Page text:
Party like it’s 1999!
Cravat-clad music icon Prince was not the only one celebrating 1999. Janet Ward, then editor of American City & County, was hosting her own party – for the 90th anniversary of the magazine.
Established in 1909 as The American City (“County” was not added until the 1970s), early issues broke what, by the 1990s at least, were considered political and journalistic norms. As Ward points out, modern American City & County readership counted on short news “leads,” articles about limiting government size and advertisements for the latest in government-oriented technologies; however, pre-World War I subscribers often found themselves reading miles-long leads, articles begging for increased government intervention and advertisements for everything from hotel recommendations to “crude oil” tonics for hair loss.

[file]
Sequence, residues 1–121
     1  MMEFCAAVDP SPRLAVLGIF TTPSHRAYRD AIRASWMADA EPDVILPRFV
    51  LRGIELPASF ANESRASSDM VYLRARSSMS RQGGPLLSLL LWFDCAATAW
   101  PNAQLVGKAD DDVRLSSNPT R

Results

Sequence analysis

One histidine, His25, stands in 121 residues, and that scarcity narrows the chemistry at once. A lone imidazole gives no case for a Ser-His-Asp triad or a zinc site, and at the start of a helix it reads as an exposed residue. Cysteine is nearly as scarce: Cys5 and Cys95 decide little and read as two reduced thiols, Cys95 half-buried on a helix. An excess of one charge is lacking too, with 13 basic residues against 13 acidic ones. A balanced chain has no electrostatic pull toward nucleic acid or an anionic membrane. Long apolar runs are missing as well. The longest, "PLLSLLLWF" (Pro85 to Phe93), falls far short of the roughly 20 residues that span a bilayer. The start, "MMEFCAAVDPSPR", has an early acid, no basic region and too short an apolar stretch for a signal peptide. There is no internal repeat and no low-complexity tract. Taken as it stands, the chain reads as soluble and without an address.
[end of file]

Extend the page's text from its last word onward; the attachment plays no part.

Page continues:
But whether the leads are short and snappy or long and lugubrious – whether readership wants more government or less – whether ad space goes to wastewater management or snakeoil science – one thing hasn’t changed: In 1999, Ward made what she called “the most important observation” – a statement that applies to every contributor in the 100+ year history of the publication.
“I’m proud to be part of this magazine,” she said.
Hey Ms. Ward? Guess what? I am too.